Latest News

Fun, food, culture abound at Penn State Abington

Penn State Abington is providing a weekend of fun for the whole family beginning on Saturday, Oct. 17. Annual Homecoming activities will take place first on Saturday, Oct. 17 followed by a "Best of the Burbs" concert on Sunday, Oct. 18.

Penn State Abington adds women's cross country as varsity sport

Penn State Abington has added a new varsity sport to its growing roster of athletics. Women's cross country began its inaugural season at the start of the fall semester.

Abington lecturer presents at Faculty of the Future conference

Penn State Abington's Steven Pyser, lecturer of political science and an expert in public participation and group facilitation, presented "Opportunity Knocks: Riding the Blended (Hybrid) Learning Wave to Pedagogical Excellence" on May 29 during the Faculty of the Future conference held at Bucks County Community College in Newtown. Several former students were on hand to demonstrate Pyser's unique teaching methods to the audience.

Abington conducts unofficial political survey in honor of July Fourth

In anticipation of our nation's fast approaching birthday celebration, Penn State Abington recently conducted a "nonscientific" survey on people's general knowledge of the Declaration of Independence. The results showed that Americans need to brush up on their civic knowledge.

Habitat for Humanity founder speaks of civic engagement at Abington

Penn State Abington hosted Habitat for Humanity founder Millard Fuller on Thursday, Jan. 22, in coordination with Martin Luther King Day activities. Repeating sentiments expressed by King as well as our nation's newly elected president, Fuller spoke of the importance of civic engagement and responsibility. "Civic engagement is not just something you ought to be involved in; but it is a joyous thing," Fuller said. "It has rewards beyond any words to express how meaningful it is."

Abington professor publishes new edition of 'Philosophy of Sex'

Sex refers to biology and reproduction, but the mind offers the most important lesson for humans according to a Penn State scholar in the newest edition of his book "The Philosophy of Sex" (Rowman & Littlefield: 2007). Alan Soble, a contemporary philosopher, founder of the Society for the Philosophy of Sex and Love, and lecturer of philosophy at Penn State Abington in suburban Philadelphia, said the collection of essays examines views on what role sex plays in the human experience, as well as what constitutes "normal" sex, as opposed to "perverted" sex. "Philosophy over the long haul may not change minds in any way, but I hope the book makes people think in new and different ways," said Soble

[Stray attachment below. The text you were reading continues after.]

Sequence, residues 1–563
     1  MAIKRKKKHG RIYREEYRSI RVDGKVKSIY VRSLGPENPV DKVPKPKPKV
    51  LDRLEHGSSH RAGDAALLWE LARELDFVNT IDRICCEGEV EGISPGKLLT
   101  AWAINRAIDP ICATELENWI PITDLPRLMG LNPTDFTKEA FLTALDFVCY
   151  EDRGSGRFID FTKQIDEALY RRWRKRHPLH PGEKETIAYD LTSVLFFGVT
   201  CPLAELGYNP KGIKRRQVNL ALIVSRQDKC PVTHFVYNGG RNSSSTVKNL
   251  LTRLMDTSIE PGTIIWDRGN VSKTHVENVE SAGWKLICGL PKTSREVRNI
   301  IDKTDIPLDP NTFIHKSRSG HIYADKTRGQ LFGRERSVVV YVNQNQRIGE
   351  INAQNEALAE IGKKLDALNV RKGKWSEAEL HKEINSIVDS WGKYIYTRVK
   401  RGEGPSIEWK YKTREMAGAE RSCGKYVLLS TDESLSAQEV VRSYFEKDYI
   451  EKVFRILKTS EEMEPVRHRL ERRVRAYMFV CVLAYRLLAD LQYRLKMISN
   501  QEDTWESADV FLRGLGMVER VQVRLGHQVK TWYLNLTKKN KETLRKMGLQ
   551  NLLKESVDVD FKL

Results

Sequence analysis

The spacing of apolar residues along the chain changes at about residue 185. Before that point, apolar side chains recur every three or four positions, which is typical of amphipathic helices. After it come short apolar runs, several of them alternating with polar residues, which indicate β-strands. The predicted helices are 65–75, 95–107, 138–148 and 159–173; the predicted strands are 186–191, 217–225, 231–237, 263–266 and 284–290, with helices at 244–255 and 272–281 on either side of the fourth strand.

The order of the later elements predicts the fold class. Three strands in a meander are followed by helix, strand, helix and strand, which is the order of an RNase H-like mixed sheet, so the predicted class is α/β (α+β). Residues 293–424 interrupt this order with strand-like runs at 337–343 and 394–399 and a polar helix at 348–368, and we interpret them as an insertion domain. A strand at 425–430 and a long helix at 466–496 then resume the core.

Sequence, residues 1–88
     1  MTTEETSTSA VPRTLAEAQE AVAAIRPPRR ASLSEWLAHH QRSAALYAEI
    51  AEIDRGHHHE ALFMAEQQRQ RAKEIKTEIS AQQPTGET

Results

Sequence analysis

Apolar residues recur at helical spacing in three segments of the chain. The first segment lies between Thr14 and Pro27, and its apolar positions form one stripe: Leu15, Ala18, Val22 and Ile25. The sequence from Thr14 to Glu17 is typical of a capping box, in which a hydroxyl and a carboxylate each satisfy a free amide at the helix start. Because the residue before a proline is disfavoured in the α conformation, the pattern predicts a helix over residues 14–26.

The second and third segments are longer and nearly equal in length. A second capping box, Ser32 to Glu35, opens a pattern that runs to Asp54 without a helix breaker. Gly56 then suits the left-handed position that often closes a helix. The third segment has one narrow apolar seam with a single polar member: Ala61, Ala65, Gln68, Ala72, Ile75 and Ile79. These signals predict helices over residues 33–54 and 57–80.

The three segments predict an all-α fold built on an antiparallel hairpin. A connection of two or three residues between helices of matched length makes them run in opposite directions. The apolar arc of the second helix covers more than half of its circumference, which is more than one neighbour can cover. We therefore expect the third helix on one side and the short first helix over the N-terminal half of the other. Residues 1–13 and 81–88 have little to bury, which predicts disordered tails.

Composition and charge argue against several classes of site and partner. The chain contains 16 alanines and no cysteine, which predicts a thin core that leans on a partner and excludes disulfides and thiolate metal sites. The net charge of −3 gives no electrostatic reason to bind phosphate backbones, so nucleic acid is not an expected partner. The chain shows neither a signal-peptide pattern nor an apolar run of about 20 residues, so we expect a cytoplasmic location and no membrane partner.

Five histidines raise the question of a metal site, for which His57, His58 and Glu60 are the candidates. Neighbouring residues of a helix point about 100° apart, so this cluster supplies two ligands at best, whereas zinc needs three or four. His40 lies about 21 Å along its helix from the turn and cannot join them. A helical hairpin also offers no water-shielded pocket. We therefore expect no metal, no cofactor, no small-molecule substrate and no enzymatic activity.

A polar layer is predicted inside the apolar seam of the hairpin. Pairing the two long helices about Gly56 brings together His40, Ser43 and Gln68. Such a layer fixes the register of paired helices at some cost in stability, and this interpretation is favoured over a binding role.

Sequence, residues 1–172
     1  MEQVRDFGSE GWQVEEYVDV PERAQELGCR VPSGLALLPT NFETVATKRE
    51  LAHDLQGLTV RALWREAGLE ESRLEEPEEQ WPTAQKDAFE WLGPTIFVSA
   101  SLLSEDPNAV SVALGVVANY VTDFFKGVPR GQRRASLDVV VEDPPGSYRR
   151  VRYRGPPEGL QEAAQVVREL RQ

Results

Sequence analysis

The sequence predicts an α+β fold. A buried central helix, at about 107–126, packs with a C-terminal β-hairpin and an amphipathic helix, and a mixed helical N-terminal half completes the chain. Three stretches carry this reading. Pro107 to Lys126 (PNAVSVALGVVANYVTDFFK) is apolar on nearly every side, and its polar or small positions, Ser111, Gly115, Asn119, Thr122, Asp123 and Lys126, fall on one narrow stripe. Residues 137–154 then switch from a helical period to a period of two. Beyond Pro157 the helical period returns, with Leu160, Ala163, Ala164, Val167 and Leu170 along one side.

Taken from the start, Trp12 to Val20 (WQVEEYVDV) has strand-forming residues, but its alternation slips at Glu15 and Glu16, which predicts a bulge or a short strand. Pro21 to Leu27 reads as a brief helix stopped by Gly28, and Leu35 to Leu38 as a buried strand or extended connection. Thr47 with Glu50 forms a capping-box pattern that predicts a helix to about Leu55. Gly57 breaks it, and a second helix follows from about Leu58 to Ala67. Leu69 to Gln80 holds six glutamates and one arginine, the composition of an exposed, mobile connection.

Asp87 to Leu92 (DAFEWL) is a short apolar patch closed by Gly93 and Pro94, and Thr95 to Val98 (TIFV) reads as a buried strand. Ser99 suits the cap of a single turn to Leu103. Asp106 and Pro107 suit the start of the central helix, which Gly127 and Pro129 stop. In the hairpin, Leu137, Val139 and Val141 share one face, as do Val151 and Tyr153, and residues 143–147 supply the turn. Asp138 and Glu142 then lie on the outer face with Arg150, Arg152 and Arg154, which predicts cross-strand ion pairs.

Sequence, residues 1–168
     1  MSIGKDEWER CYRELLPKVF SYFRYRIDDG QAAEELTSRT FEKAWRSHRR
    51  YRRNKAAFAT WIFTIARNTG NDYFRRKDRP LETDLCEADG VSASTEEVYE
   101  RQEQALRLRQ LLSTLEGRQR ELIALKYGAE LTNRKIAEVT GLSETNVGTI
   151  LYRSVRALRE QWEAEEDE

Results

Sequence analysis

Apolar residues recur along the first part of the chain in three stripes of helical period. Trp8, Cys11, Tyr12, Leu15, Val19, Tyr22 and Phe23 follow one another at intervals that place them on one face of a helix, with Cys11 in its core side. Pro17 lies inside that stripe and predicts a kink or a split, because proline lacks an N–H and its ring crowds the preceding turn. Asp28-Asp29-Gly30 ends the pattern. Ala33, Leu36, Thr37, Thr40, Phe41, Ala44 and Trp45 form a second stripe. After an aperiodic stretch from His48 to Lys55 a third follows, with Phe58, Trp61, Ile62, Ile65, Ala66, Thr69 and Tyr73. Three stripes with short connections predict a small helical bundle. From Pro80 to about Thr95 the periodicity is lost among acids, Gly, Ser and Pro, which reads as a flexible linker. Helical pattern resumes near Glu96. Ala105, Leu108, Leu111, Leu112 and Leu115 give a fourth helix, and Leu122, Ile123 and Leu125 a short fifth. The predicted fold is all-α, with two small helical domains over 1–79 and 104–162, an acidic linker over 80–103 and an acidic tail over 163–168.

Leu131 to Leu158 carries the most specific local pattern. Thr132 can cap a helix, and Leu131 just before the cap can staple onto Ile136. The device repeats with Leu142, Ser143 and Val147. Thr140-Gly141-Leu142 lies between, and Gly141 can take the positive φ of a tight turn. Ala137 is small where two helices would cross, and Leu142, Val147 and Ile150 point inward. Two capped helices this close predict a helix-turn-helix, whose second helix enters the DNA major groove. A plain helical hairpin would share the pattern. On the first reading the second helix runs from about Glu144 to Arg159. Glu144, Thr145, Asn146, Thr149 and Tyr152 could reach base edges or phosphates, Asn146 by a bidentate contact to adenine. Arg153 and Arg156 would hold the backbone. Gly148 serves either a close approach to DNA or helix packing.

Women in their own words: Book collects revealing quotations by women

From feminism to friendship, desire to diversity, and sex to shoes, interesting quotations that embody the empowerment of women are the basis for a new book by a Penn State scholar.

Abington professor: Cutting hours for overemployed a good idea

If overemployed workers were encouraged by employers to cut back to their level of preference, it could have a profound impact on employee's well-being, according to a Penn State Abington researcher. Lonnie Golden, associate professor of economics, said empowering the 7 percent of workers who claimed in a 2001 U.S. Current Population Survey that they would like to cut back on their hours and income to do so might create some work and income for the 23 percent of the work force that is underemployed -- those who would like more work and income -- as well as the unemployed. It also would free up time for the overemployed to pursue endeavors other than work, which could lead to improved work-life balance and quality of life.

Abington professor looks at pre-wedding rituals and gender roles in new book

Weddings are a time when a woman and man pledge their unwavering devotion to each other, but the months before the big day can be quite stressful and confusing for women, according to Beth Montemurro, assistant professor of sociology at Penn State Abington. In her new book, "Something Old, Something Bold: Bridal Showers and Bachelorette Parties" (Rutgers University Press), Montemurro takes a fresh look at the wedding process, offering a perspective not likely to be found in the planning books and magazines readily available to the modern bride. She focuses on bachelorette parties and bridal showers to show what these events mean to women and what they say about gender roles.

Book tells how bad blood between generals hurt Confederacy's chances

While the Union Army was getting the best of the Confederates on many of the ballyhooed battlefields of the Civil War, such as Gettysburg and Antietam, the Trans-Mississippi area was touch and go throughout the conflict. In fact, if not for poor communication and bad blood between two key military figures in the State of Louisiana, historians may still be talking about great Confederate victories there, according to a Penn State researcher. Of course, without the great victories, there is little talk at all about Civil War fighting in the Trans-Mississippi region, according to Jeffery Prushankin, lecturer of history at Penn State Abington and author of a new book, "A Crisis in Confederate Command: Edmund Kirby Smith, Richard Taylor and the Army of the Trans-Mississippi" (LSU Press)."There has always been the notion that the war was won and lost in the East between Washington (D.C.) and Richmond. You can find 100 books on Gettysburg for every article on something that occurred in Louisiana," said Prushankin. "The battles and leaders in the West across the Mississippi River have mostly been thought of as minor players."

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